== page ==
Eurovision History: BAME representation – Aussievision

Chris Hockman

People from Black, Asian and Minority Ethnic (BAME) backgrounds have long struggled against oppression and under-representation. There has been a renewed focus on these highlighted by the recent events in the United States, which have triggered a wave of Black Lives Matter (BLM) protests across the world, including in Europe and Australia.

As part of our Throwback Thursday series, we wanted to look back at the history of BAME artists at Eurovision from the 1960s to now. It’s important to note this isn’t a complete list as it aims to show highlights over the last sixty years.

1960s – the beginnings

The Netherlands led the way starting in 1964 with Anneke Grönloh, whose song ‘Jij bent mijn leven’ (‘You are My Life’) came 10th with two points. Anneke was both the first non-white competing artist and the first to be born outside Europe (in Sulawesi, Indonesia).

The 1966 edition of Eurovision saw its first black performer in Milly Scot – an artist of Surinamese origin – carried Dutch hopes with ‘Fernando en Filippo’. Milly deliberately opted for a rumba number, a style of music which provided a strong point of difference to the rest of the more traditional field. The song finished 15th out of the 18 performers.

The first black male entrant was Eduardo Nascimento from Portugal who competed the very next year in 1967 with his song ‘O vento mudou’ (‘The wind changed’). Eduardo was from Angola but moved to Portugal in the mid 60s winning Festival da Canção and booking his spot in Vienna where he finished 12th place among the 17 entries.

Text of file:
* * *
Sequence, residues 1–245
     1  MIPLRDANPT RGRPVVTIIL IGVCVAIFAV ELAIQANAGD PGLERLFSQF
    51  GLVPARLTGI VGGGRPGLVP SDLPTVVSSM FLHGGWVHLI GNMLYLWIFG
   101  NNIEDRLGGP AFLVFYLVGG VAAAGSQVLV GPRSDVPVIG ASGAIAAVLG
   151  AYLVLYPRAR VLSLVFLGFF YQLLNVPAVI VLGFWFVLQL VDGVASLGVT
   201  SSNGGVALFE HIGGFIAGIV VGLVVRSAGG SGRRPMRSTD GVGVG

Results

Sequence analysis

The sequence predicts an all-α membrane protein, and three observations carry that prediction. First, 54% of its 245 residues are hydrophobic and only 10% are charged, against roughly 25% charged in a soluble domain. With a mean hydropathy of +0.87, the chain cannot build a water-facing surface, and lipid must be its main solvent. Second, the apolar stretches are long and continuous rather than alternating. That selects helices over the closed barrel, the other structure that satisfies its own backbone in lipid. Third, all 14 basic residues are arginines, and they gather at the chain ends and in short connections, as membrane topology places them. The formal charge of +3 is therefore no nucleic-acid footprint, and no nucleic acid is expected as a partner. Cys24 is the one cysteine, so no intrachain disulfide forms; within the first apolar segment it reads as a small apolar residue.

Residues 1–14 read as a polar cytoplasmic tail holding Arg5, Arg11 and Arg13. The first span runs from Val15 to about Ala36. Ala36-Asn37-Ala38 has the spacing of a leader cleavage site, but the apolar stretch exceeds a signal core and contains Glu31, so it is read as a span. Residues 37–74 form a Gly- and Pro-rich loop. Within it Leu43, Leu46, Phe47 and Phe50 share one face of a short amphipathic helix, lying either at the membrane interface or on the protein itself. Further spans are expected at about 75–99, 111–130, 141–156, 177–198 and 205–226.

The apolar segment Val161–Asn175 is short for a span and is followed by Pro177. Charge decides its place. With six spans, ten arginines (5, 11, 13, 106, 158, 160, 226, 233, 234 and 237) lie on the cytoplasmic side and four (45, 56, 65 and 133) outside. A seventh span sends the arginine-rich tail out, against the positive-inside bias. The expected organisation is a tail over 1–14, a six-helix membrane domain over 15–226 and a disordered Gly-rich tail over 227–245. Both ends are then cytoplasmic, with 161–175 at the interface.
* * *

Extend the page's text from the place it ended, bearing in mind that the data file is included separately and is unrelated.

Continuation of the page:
The 70s and 80s – slow progress

The 70s really belong to Sandra Reemer in terms of representation. The Dutch singer with Indonesian heritage represented the nation three times, finishing 4th (1972), 9th (1976) and 12th (1979).

Additionally Silver Convention, who had global disco hits previously, represented Germany in 1977 finishing 8th with ‘Telegram’.

The 80s saw Debbie Cameron, an American-Bahamian living in Denmark, represent the nation in 1981 finishing 11th with ‘Krøller eller ej’ (‘Curls or Not’).

In 1987 another Dutch-Indo singer Justine Pelmelay finished 15th for The Netherlands with her song ‘Blijf zoals je bent’ (Stay the way you are).

1990s – some breakthrough

The 1990s was a breakthrough decade with 14 acts featuring black artists with two of these finishing runner-up.

Joëlle Ursull with ‘White and Black Blues’ finished 2nd place for France in 1990 losing out to a Europe united behind the message of ‘Insieme: 1992’.

In 1998 Imaani with ‘Where Are You’ almost saw back-to-back wins for the United Kingdom losing by just six points to Dana International who was of course making her own history.

Additionally the Dutch really led the way again with representation. Four of their ten acts featured black artists during the decade and all finished inside the Top 10.

Meanwhile Béatrice Poulot became the first black artist to represent an Eastern European nation when she performed with Dino Merlin for Bosnia and Herzegovina and their song ‘Putnici’.

2000s – a winner